by Yuvraj Joshi
What role does affirmative action play in transitioning toward a more just society? The two literatures best equipped to answer this question— transitional justice and affirmative action—have neglected both the question and one another. Transitional justice scholars have focused on a limited set of measures (such as truth commissions and criminal prosecutions) and overlooked the role of affirmative action in facilitating transition. At the same time, affirmative action scholars have neglected the ways in which affirmative action may be part of a larger transitional justice project. Bringing these literatures into conversation for the first time, this Article shows how integrating affirmative action and transitional justice can advance our understanding of both practices. Affirmative action can bring attention to structural inequalities in transitional societies and help delineate the boundaries of transitional justice. In so doing, affirmative action can bridge a divide between the field of transitional justice and the phenomenon of societal transition that it seeks to understand and facilitate. Transitional justice, on the other hand, can elucidate how the period of transition informs affirmative action’s features and functions; it can also illuminate affirmative action’s strengths and shortcomings in bringing about a more just society. Affirmative action should, therefore, be added to the transitional justice “toolkit” and anchored in transitional justice concepts and debates.
by Alexandra B. Klass
In 2019, several states adopted aggressive clean energy laws and other states are poised to do the same. These policies require electric utilities to secure all of the electricity they sell to customers from carbon-free energy resources by a specified date, and many also require the state to drastically reduce carbon emissions from the transportation sector, increase energy efficiency in buildings, and otherwise decarbonize their economies. In order to meet these mandates, states must transform the physical infrastructure used to create and transport energy. This will require building new power plants that run on carbon-free energy resources like wind, solar, hydropower, or nuclear energy; constructing the electric transmission lines and other infrastructure needed to deliver these energy resources to consumers; setting standards and mandates for new buildings, vehicles, and transportation infrastructure that will reduce carbon emissions; and providing direct funding, tax incentives, new permitting processes, and staff to support the public and private actors that will implement these changes. These needs are becoming well documented. What remains completely unexplored, however, is the potential for state property law reform—most notably eminent domain law—to limit the development of fossil fuels and promote the growth of alternative energy to support these new clean energy policies. This Article contends that states should consider eliminating eminent domain rights for fossil fuel projects and extending eminent domain rights for certain clean energy projects as part of their state climate policies. Moreover, each state’s approach to eminent domain reform may differ based on the current energy mix in the state as well as the potential for technological development. These policy conversations regarding the use of eminent domain for energy projects are critical to developing robust state clean energy laws. They also can provide a useful template for Congress if, in the future, it decides to enact federal climate policy.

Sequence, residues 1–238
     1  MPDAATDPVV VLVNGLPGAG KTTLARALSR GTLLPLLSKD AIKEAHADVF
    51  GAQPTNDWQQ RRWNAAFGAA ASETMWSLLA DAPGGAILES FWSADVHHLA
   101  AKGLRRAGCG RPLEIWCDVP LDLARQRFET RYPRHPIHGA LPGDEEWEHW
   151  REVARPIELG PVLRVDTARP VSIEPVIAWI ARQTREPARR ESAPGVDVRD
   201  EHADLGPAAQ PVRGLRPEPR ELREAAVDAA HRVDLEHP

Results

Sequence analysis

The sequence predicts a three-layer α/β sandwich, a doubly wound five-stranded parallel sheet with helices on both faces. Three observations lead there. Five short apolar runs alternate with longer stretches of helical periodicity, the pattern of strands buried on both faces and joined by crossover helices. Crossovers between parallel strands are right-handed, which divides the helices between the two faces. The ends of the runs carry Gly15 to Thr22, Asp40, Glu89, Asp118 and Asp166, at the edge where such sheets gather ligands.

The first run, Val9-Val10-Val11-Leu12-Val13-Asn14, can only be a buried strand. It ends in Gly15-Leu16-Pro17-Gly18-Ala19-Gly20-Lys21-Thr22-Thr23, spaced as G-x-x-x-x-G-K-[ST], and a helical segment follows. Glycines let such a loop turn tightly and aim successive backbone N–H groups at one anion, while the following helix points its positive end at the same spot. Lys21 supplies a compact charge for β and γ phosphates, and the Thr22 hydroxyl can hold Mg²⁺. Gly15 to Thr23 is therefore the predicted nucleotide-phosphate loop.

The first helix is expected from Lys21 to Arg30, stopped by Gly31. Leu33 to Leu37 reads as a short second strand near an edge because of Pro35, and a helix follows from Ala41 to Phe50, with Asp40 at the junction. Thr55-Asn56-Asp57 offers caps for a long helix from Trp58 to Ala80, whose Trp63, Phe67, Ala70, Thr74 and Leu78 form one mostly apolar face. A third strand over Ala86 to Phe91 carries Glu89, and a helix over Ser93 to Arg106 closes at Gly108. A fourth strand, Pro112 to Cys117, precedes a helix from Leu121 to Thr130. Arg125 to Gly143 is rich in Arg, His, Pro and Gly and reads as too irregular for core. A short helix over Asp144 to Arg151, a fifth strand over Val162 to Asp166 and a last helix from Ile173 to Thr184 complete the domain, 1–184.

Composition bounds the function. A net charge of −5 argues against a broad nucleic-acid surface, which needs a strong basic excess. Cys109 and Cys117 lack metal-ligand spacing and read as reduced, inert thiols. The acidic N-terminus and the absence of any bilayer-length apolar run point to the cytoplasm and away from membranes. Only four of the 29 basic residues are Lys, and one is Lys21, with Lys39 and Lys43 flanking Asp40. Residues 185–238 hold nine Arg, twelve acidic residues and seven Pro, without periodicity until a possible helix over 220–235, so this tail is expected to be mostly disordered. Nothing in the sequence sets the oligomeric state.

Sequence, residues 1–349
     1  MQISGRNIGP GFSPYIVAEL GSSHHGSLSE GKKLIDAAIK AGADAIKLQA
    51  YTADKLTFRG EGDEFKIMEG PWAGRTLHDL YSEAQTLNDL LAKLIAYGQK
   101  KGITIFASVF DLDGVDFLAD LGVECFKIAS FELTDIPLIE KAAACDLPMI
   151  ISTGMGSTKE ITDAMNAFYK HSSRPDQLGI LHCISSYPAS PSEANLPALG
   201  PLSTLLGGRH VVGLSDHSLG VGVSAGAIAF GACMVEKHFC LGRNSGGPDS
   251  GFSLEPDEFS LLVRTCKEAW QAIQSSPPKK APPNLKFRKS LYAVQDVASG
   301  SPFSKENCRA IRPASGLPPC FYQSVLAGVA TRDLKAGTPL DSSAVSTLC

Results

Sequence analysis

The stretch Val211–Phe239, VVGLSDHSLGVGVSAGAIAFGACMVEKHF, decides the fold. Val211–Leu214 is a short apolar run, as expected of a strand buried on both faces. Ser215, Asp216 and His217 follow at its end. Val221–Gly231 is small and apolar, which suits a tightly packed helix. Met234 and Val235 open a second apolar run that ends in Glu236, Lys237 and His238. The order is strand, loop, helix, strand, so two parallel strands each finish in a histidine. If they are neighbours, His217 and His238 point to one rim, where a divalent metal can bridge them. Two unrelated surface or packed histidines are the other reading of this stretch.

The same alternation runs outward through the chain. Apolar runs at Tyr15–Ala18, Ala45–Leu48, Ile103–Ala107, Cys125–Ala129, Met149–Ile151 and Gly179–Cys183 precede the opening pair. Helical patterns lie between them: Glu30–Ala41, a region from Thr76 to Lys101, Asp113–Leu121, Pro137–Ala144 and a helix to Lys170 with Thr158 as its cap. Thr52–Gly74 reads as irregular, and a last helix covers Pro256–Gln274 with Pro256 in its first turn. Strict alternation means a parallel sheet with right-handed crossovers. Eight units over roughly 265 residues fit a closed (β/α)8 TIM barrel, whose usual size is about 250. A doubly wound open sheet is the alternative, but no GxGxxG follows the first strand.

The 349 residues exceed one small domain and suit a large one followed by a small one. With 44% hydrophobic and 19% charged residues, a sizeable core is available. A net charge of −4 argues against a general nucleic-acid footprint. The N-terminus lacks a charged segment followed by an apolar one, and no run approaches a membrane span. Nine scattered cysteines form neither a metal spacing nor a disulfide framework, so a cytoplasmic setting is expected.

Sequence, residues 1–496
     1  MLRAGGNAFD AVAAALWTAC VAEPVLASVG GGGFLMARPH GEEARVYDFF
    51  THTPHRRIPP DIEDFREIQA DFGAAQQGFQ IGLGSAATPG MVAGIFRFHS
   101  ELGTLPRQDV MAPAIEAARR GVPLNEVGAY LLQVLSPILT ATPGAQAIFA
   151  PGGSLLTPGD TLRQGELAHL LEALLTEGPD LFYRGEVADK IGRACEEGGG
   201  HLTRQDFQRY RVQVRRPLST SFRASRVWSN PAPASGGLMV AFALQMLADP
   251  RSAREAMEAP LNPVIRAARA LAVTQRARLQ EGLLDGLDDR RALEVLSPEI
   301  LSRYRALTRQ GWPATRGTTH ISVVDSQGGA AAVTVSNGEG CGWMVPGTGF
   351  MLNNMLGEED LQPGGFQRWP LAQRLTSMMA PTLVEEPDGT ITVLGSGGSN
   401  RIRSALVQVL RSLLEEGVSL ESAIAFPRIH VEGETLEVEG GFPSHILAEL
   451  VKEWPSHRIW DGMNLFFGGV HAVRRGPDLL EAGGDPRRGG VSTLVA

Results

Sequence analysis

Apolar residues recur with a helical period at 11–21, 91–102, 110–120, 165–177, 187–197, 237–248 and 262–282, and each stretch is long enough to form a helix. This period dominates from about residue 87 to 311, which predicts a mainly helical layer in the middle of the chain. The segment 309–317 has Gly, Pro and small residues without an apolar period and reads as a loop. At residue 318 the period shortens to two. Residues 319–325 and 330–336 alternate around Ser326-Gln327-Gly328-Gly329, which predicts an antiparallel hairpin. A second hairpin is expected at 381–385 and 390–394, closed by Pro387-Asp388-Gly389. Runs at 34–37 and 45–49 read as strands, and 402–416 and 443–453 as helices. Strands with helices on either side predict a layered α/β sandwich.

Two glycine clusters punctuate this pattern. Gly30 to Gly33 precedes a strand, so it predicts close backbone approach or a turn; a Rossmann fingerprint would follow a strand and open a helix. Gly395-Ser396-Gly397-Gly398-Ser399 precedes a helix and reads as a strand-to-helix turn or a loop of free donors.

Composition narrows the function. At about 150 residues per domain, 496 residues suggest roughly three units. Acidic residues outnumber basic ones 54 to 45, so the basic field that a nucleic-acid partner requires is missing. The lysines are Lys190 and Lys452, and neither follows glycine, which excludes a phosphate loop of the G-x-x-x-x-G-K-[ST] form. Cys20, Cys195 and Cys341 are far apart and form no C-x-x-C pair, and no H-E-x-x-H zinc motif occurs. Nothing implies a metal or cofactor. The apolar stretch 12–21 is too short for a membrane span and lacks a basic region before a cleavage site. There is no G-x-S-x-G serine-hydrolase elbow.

by Alyse Bertenthal
In a move that is sure to be celebrated by at least some students and practitioners of administrative law, there has emerged a growing consensus that review for reasonableness is the primary—or perhaps even the only—rule needed by courts reviewing agency decisions. Yet, remarkably, we continue to lack any systematic, comprehensive account of the reasonableness test in administrative law. What does it mean for an agency to decide or act “reasonably”? What is built into the judicial determination of reasonableness? To answer these and other questions, this Article presents results from the first empirical study that analyzes how reasonableness has been conceptualized, measured, and explained through judicial review of agency actions. This Article calls for more attention to how legal doctrines function in practice, embracing an approach that joins both empirical and doctrinal analysis. It then uses this analysis to develop a model of reasonableness review that reveals the factors and subfactors that drive such determinations, as well as the processes through which courts assemble these into a generalizable standard. The findings show that the methods developed by courts not only discipline and enhance internal agency processes, but also provide agencies with a structure against which to anticipate judicial decisions, thus demonstrating that courts can and do transform even a broad, ambiguous concept such as reasonableness into a legal construct that is, if not exactly determinate, at least determinable. By identifying and explicating the basic decision structures involved in reasonableness review, this Article also lays the foundation for future theorization of legal reasonableness both within and beyond administrative law.